Long Days Newest

After Uruguay, we stopped at a place called Puerto Madryn in central Argentina. We walked on a very long, wide, and MUDDY beach (because lots of parts had more dirt than sand). We went to see the ruins of some caves where the first European settlers of Puerto Madryn, who were all Welsh, stayed when they came here in 1865.

The city had a monument with the settlers' names, and many of them had the last name Jones (my middle name). There were also some names like William Williams and Thomas Thomas.

Then we went to a playground. RJE and I were playing on the seesaw when we heard a boy yelling "Ay...Ay...Ay!!" This is how people say they are in pain in Spanish. (Like we say Ow! Ow! in English). The boy had fallen off another seesaw, landing on his wrist, and it looked like it was broken, and very painful. "Ay...Ay...Ay!!"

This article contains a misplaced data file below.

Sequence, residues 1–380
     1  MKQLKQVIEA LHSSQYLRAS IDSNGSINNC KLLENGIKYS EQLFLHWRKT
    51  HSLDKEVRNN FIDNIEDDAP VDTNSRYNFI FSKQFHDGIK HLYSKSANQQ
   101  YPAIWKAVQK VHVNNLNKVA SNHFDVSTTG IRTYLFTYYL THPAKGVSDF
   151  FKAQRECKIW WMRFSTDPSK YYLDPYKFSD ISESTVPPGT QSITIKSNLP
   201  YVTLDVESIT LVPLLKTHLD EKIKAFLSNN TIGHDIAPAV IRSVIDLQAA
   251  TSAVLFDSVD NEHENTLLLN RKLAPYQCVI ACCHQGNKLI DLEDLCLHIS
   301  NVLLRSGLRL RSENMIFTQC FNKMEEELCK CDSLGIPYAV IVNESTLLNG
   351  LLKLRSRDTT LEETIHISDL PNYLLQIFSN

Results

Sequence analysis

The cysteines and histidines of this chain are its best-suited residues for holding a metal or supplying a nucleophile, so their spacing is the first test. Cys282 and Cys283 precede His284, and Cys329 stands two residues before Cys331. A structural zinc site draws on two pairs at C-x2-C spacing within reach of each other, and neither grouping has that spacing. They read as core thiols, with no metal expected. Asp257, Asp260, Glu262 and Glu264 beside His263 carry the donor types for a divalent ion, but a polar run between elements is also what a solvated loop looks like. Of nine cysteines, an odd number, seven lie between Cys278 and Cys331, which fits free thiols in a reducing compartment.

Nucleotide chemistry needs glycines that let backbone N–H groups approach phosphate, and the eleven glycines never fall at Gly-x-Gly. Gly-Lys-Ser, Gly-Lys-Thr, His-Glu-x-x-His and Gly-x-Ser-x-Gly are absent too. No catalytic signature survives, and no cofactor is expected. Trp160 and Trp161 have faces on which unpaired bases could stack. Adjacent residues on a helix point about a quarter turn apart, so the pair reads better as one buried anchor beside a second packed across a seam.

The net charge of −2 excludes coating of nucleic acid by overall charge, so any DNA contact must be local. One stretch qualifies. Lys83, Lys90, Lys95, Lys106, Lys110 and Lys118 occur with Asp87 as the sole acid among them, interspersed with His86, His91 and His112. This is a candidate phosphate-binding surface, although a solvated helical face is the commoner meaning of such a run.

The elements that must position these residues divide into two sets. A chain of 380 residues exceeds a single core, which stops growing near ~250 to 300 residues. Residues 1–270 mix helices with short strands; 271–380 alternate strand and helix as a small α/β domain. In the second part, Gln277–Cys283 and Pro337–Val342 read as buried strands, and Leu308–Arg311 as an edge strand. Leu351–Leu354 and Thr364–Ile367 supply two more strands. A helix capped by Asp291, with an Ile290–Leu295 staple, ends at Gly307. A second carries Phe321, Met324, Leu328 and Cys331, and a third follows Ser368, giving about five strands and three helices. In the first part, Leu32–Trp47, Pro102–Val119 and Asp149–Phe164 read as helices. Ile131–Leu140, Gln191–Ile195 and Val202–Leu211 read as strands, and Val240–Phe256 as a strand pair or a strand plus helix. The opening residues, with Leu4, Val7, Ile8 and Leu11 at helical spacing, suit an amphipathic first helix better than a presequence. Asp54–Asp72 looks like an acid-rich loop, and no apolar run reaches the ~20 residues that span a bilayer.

This far south, the days are very long. The sun will set tonight at 9:54 p.m. (21:54), and rise tomorrow at 4:35 a.m. This is what they tell us, anyway, because we don't get up that early! In all, it's about 17 hours of daylight, every day.

On the ship they have a kids room where children can go play. There is a counselor there who uses the nickname Anna Banana. She was born in Hong Kong and lives in Canada. She taught me some Chinese words. My parents joked that I was going to learn Chinese instead of Spanish, but why not both? Here are a few of the Chinese characters I learned from her yesterday:


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The RatSoap™ Project is a work in progress, 2006-2007
Copyright © 2006 by Sun on Earth Books




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